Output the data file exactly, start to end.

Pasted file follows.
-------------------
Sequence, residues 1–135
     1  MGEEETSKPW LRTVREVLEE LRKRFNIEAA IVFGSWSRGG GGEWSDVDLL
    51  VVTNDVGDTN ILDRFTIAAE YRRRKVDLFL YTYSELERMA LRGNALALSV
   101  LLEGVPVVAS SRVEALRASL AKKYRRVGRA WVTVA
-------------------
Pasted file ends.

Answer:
Sequence, residues 1–135
     1  MGEEETSKPW LRTVREVLEE LRKRFNIEAA IVFGSWSRGG GGEWSDVDLL
    51  VVTNDVGDTN ILDRFTIAAE YRRRKVDLFL YTYSELERMA LRGNALALSV
   101  LLEGVPVVAS SRVEALRASL AKKYRRVGRA WVTVA